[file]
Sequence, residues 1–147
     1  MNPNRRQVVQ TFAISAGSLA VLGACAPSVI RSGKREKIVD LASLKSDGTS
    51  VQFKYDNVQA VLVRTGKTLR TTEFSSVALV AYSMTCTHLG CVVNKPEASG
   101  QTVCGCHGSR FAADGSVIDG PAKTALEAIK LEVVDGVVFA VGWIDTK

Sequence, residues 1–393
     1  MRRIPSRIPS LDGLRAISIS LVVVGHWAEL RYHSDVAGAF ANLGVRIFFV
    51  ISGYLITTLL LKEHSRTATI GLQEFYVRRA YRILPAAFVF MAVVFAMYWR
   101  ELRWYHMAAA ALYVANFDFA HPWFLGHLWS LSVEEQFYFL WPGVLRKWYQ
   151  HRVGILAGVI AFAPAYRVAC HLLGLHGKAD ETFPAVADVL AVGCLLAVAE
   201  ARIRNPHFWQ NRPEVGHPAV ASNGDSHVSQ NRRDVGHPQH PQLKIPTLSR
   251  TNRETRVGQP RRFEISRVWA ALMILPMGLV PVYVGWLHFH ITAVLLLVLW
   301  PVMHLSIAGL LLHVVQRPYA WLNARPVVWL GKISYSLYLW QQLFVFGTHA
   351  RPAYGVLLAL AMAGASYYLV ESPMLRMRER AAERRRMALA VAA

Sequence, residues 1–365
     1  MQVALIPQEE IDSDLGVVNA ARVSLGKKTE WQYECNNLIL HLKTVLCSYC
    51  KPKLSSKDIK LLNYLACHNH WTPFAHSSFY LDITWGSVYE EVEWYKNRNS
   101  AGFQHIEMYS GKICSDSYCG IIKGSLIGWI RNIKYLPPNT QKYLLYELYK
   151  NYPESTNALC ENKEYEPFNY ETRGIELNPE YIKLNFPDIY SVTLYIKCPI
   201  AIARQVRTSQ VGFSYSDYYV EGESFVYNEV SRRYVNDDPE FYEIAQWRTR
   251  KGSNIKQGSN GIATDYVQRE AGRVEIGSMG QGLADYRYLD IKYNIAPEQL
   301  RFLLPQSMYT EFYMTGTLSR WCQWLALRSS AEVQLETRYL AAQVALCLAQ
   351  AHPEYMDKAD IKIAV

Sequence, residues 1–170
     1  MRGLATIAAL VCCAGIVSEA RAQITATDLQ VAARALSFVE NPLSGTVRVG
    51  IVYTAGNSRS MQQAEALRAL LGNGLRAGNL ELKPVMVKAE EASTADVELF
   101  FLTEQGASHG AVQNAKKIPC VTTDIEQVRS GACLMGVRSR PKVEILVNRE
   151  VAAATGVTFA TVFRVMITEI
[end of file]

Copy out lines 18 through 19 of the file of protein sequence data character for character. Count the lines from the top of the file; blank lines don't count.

   151  NYPESTNALC ENKEYEPFNY ETRGIELNPE YIKLNFPDIY SVTLYIKCPI
   201  AIARQVRTSQ VGFSYSDYYV EGESFVYNEV SRRYVNDDPE FYEIAQWRTR